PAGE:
It’s very tempting to do the task by yourself, it’s certainly easier doing that: talking to someone, explain what to do, convince him it’s the right guy to do it, commit him doing that in a timely fashion takes a lot of time… So… Why do I need to take that path instead of doing by myself? Because it’s not scalable, you can’t do everything by yourself. The quicker you understand it, the lesser pain you get. I learned the hard way: I was complaining with my product owner about I can’t take everything by myself, things started to slip out of my hands, he interrupted me abruptly and he said: “you have a whole team at your disposal, make them work!“.

That was my a-ha moment! I was too focused on myself and I wasn’t exploiting my team as I should. From that day, I decided to spend more effort on others than myself. Was it easy? No, because the temptation of returning to the old bad habit was high… But I knew it couldn’t work in the old way.

In the end, I was able to manage my team effectively at its full potential. Then, we had an understaffing problem, but at least no one complained about me underutilizing my resources 😅.

There is no best technique to manage people

Managing people to craft software is completely different from crafting by yourself: writing software requires expertise, and this experience you gain is ubiquitous. If you write good TypeScript code, you will likely be able to write good code even in other languages. Best practices and debugging techniques are still the same and will remain the same over the years.

But people are a completely different beast; every person is unique. What works with one of your reports can completely put off another one. Mentoring a junior is different from mentoring a senior.

If you are working in an international environment, you’ll quickly discover that your managerial skills should adapt to different cultures.

For example, Nordic people don’t like to work if one of the team members is not fully convinced. People from Mediterranean areas like to be in a friendly environment and are more prone to take action based on friendship rather than the manager’s authority. They enjoy chit-chat. On the other hand, people from Germany hate chit-chat. Europeans are more prone to express when something is wrong, while Americans tend to say that everything is good even when it’s not. Indian people often say they understand what you said, even if they don’t.

There is a ton of information out there to learn about these multicultural dynamics. It gives you a good starting point, but then you face the reality where you quickly understand that it won’t work because every person is different and can differ completely from what you learned.

So what’s the solution? Just stay silent.

Listen to your reports in 1:1s. You can learn how they see their jobs, how they think. Watch them work, observe when and how they get angry, when they are happy. Understand what they care about and what they don’t. Then you can start to talk, assign them tasks, and involve them in the project based on what you have learned.

This is the best way to get things done with them. I’ll try to write other blog posts on this topic because I know there’s much more to say here.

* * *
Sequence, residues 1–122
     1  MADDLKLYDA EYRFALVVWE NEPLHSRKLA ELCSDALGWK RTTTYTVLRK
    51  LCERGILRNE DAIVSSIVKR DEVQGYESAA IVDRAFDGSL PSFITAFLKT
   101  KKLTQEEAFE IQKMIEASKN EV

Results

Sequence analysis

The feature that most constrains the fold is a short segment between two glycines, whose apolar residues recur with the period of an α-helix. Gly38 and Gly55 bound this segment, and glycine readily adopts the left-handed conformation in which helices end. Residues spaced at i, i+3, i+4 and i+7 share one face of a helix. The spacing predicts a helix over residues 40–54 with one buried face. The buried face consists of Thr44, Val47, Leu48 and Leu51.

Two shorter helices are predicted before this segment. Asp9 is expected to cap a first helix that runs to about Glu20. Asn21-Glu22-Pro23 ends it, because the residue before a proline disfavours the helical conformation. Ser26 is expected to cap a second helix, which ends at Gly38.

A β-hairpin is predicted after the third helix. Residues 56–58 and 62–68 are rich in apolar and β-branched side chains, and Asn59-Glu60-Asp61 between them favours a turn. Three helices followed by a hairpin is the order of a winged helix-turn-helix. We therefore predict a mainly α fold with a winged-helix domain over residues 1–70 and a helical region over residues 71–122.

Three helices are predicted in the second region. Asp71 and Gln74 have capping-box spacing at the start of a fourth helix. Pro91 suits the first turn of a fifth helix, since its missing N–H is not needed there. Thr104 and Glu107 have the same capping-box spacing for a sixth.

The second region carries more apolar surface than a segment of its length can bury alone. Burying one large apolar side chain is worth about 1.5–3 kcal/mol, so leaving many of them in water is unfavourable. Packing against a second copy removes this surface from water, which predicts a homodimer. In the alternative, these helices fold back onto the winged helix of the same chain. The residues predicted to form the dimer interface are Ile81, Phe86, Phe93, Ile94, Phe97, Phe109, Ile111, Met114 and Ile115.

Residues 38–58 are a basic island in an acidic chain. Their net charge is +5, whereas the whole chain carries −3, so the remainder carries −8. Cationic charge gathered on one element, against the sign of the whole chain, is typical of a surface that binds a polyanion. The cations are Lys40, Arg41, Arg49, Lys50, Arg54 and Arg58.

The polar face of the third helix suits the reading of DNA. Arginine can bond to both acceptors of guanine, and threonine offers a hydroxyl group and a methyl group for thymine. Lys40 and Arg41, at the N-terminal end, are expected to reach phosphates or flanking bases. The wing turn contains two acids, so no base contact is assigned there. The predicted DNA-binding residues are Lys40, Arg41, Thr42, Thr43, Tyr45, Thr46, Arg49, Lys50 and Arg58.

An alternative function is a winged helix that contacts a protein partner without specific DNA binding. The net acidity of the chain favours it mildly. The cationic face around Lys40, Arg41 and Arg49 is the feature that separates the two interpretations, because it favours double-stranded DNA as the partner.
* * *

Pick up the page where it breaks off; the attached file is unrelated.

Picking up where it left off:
You need to be empathetic to be a good manager

Being empathetic means “showing an ability to understand and share the feelings of another”, and I believe this is mandatory to be a good manager.

If some of my ex-colleagues are reading what I’ve just written, they are probably laughing at me: “C’mon, you are the least empathetic person I know!“. I’m sure this is what they are thinking. And they are right! But I don’t want to deny it, I’m fully aware that my worst managerial mistakes have all had the same root: lack of empathy.

I will write about the mistakes I made so you don’t have to make them in order to learn.

What can you do if you are an emotionless ice block like myself? You can still learn to be empathetic. Maybe you won’t feel the same emotions just when your interlocutor talks. But you can ask yourself, “What feelings did your report experience when they talked to you? Why is the person feeling that way? If I do X, can they feel better?“. If you are not an empathetic person, it is difficult to express empathy and derive empathetic action points directly from the conversation, but you don’t have to make them on the spot! You can just digest offline what you heard and then come back later.

It’s your responsibility to have difficult conversations as a manager

It is your duty to have difficult conversations that nobody wants to have. These conversations may involve addressing performance issues, providing constructive feedback, or resolving conflicts within the team.

While these conversations can be uncomfortable, they are crucial for the growth and development of both individuals and the team as a whole. By addressing these issues directly and honestly, you can create a more productive and harmonious work environment, fostering personal and professional growth for everyone involved.

Unfortunately, you can’t delegate those to someone else. So, if you are not comfortable with having difficult conversations, you need to work on improving your skills in this area.


I hope this post has given you some insights into the challenges and rewards of transitioning from an individual contributor to a manager. While the transition can be challenging, it can also be incredibly rewarding. By focusing on building strong relationships with your team, embracing new ways of working, and developing your leadership skills, you can become an effective and successful manager.

If you are considering making the switch, I encourage you to take the time to reflect on your strengths and weaknesses, and consider how you can leverage your skills and experience to excel in your new role.

Remember, it’s okay to make mistakes along the way, as long as you are willing to learn from them and grow as a leader.

See you in the next post!